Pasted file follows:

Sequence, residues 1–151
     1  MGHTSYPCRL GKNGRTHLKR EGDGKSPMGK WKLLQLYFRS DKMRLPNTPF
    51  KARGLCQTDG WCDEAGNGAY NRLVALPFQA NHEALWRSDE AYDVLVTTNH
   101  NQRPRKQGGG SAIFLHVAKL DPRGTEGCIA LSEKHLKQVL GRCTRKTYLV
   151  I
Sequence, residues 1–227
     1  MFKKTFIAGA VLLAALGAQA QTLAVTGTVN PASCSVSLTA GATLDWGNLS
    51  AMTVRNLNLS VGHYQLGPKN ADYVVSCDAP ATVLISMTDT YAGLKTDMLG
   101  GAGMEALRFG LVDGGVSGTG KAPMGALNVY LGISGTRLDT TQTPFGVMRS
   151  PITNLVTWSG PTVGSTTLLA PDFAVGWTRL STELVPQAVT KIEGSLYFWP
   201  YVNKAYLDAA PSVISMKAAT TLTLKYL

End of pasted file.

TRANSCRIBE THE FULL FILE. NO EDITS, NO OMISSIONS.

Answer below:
Sequence, residues 1–151
     1  MGHTSYPCRL GKNGRTHLKR EGDGKSPMGK WKLLQLYFRS DKMRLPNTPF
    51  KARGLCQTDG WCDEAGNGAY NRLVALPFQA NHEALWRSDE AYDVLVTTNH
   101  NQRPRKQGGG SAIFLHVAKL DPRGTEGCIA LSEKHLKQVL GRCTRKTYLV
   151  I
Sequence, residues 1–227
     1  MFKKTFIAGA VLLAALGAQA QTLAVTGTVN PASCSVSLTA GATLDWGNLS
    51  AMTVRNLNLS VGHYQLGPKN ADYVVSCDAP ATVLISMTDT YAGLKTDMLG
   101  GAGMEALRFG LVDGGVSGTG KAPMGALNVY LGISGTRLDT TQTPFGVMRS
   151  PITNLVTWSG PTVGSTTLLA PDFAVGWTRL STELVPQAVT KIEGSLYFWP
   201  YVNKAYLDAA PSVISMKAAT TLTLKYL